Red Acacia

Sometimes I set myself a goal and prove to myself I can do it. It might come at a cost but I get there and it’s worth it. The cost for this one was that my hands were really sore after about five hours straight last night of fast knitting on 2.5mm needles. Ouch!

I made this little singlet in less than 48 hours, leaving just enough time to get it dry on the deck this morning in the sun that I was so thankful to see! I cast on Sunday morning, finished at 11:30pm Monday night. I’d been prepared to pull an all nighter if I had to. Turns out I didn’t need to. I can be fast when I want to and let’s face it, 3month old babies just aren’t very big.

acacia2

Ok so I could have started to knit for my hairdresser’s baby when she was born three months ago. I didn’t. I meant to but she’s funny about wool (she claims she’s allergic but then I show her the nice wool I knit with and she wonders if maybe she’s not allergic. If all you’ve known is scratchy stuff, then of course you’re going to think you can’t wear it!)

But with a knitting grandmother, she knows all about Bendigo Woollen Mills cotton and has often waxed lyrical about how lovely and soft it is so I suppose it was meant to be that I would choose Bendigo cotton for little Juliette, who I am yet to meet.

acacia3

And the colour! Why oh why did Bendigo discontinue the only decent red cotton they’ve ever done? Thank goodness I stocked up when I was there last year. This took one tiny little ball of 4ply cotton and I’ve got several more.

This pattern had some new (to me) techniques in the design that I just loved – the clever way you start at the neck and with a few twists and turns, all of a sudden you have the bodice of a singlet.

A bodice with ruffles. And a bow. And openings for sweet little arms. Unbeatable.

acacia

The pattern is Baby Acacia by Georgie Hallam, aka Tikki, from her Spring Wildflowers collection. If you have little girls in your life to knit for, you would do well to go and buy her patterns. I can’t praise her work enough. I got a huge order from Bendigo Woollen Mills yesterday (massive bag on the doorstep when I got home – joy!) and there will be an Acacia for summer in Alice’s life very, very soon.

Bells

ps I’m thinking of signing up for a month of daily blogging with NaBloPoMo. It’s been a while since I embarked on the crazy, frenzied push for daily output but I think it might be good for me. Check back tomorrow to see if I really did sign up.

RoseRed Embossed Leaves Socks

Several years ago two knitters met in cyberspace. Those two knitters were me and RoseRed. For my birthday, the year we met, she sent me some beautiful red Koigu sock yarn and from it I made a pair of red Embossed Leaves socks, from the great Interweave Knits book ‘Favourite Socks‘.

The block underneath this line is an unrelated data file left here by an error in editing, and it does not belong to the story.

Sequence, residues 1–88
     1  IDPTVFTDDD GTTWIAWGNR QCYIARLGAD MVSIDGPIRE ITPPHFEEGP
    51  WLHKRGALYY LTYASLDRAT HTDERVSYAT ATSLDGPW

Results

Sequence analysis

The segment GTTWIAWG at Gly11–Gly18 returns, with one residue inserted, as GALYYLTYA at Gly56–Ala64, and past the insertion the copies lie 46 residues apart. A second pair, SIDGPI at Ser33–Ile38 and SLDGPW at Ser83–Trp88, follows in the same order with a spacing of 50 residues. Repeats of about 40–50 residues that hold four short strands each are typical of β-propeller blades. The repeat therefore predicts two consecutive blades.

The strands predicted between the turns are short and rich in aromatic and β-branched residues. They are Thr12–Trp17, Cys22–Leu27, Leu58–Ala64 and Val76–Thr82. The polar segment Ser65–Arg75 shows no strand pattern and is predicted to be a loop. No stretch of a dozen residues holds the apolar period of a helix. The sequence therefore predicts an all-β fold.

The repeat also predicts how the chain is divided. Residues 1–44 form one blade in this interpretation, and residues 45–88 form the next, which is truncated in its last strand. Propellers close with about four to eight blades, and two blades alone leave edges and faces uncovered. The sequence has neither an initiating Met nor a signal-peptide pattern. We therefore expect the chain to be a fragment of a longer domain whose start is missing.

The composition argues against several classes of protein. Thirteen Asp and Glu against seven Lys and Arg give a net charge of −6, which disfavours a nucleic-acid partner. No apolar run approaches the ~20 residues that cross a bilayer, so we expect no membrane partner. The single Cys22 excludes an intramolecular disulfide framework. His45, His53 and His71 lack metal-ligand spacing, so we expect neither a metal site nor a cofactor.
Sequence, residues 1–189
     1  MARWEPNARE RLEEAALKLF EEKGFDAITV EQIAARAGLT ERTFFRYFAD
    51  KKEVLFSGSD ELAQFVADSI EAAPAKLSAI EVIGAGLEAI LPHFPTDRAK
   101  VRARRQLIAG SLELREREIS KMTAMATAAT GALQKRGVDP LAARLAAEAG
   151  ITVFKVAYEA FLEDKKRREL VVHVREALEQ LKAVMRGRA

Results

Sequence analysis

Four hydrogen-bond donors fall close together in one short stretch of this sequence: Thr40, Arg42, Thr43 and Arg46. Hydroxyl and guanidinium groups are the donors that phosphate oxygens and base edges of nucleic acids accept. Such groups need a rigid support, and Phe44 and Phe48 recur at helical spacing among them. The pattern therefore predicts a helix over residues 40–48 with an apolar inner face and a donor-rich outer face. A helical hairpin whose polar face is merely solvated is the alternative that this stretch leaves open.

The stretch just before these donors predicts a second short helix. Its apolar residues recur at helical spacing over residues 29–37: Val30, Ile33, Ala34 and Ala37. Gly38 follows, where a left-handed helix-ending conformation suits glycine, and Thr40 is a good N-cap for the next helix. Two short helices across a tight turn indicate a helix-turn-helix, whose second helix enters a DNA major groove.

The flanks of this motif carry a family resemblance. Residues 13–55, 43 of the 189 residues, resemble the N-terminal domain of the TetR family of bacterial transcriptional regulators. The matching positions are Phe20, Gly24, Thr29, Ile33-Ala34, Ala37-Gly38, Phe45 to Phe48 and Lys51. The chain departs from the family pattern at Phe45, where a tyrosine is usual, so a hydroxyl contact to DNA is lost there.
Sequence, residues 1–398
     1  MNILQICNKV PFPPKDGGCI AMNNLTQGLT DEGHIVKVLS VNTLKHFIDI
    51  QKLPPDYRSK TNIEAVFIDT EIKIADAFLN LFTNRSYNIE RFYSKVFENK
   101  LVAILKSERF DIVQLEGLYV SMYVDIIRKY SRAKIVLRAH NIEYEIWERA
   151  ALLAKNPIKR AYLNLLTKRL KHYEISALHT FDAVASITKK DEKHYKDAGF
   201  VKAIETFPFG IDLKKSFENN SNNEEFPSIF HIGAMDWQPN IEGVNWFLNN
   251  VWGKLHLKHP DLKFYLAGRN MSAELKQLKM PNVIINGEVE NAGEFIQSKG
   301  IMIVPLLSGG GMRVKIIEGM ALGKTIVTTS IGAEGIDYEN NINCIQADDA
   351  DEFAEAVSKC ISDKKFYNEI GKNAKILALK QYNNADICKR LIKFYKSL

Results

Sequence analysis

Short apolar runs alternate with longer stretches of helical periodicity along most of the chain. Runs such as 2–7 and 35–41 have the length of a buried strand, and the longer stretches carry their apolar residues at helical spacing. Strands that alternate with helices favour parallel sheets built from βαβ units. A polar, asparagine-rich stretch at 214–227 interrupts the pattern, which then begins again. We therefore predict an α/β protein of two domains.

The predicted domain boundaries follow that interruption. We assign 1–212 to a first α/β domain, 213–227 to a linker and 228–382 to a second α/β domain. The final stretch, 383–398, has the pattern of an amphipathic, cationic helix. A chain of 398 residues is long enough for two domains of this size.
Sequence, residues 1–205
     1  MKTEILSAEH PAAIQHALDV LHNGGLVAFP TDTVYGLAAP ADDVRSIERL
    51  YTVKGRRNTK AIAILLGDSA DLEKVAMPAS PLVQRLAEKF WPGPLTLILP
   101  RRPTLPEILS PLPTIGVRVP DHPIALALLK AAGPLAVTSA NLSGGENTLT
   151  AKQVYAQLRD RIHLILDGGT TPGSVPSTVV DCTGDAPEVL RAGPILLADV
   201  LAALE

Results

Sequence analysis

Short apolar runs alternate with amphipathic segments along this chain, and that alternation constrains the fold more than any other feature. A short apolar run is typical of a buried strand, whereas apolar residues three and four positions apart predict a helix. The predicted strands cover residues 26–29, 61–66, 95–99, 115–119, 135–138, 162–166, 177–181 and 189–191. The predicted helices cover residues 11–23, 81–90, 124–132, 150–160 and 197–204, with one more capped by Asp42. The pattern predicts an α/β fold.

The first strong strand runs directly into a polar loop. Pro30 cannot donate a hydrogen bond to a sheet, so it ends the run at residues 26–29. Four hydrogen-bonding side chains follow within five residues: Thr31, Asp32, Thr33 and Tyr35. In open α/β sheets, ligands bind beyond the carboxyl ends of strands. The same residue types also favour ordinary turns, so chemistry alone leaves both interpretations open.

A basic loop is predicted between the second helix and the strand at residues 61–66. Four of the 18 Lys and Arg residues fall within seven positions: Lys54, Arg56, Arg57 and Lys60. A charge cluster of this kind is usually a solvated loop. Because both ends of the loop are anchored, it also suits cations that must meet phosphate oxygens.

In those days I had a beginner’s stash. There wasn’t much in it and none of it was particularly special or fancy. There was a whole world as yet unknown to me. From the vantage point of four years later, as I groan under the weight of a sizeable yarn stash, I smile at the memory of the first time I showed her my stash – a small collection in a single box – and how she confessed hers was ‘a little bigger’ than that. (Her stash is legendary, in case you didn’t know).

RoseRed gave me more of the beautiful red Koigu yarn a while ago and I think I always knew what I’d do with it, especially once that original pair of socks gave up the ghost.

This weekend, when I was visiting my parents I finished my second pair of Red (or RoseRed, as I came to call them) Embossed Leaves Socks. My sister Fee posed in them for me. She did threaten to keep them.

Embossed Leaves Socks

In case you can’t tell, I’m a bit sentimental about these socks. It was my first lace pattern, back in 2007, and such a learning curve. This time I memorised the pattern entirely. I’ve come a long way! It was easy and fun and I knew the results would be great. Koigu is a great, great sock yarn. It can’t and doesn’t disappoint. It’s smooshy, attractive and lush. A real winner. And who doesn’t love a leaf motif? You can’t go wrong.

My parents’ dog Coco (also dubbed: the Needy Pooch, because she’s SOOO whiny) got in on the act.

Coco and Red Socks

Then Alice decided the socks made great puppets. Apparently they were dinosaurs. Go figure.

Alice and Red Sock

Either way, they are lovely socks and I’m really, really happy to have myself another pair of red embossed leaves. A truly wonderful sock pattern and, for me, a symbol of what’s been so important to me as a developing knitter. Thanks RoseRed for the red sock love!

Bells

Stacked Coins Table Runner

Inspiration for some pieces comes from the strangest places. I love the surprising way an idea is born out of something as simple as a late night conversation before sleeping.

This is a table runner I’ve been working on for a couple of weeks and the way it came about is something I really love.

runner

I’d had the idea that I wanted to make a small quilt for Alice for Christmas, just something she can carry around and snuggle underneath and I knew I’d want to make it in a style called Stacked Coins – long strips of rectangular shapes I’d seen around the place and admired.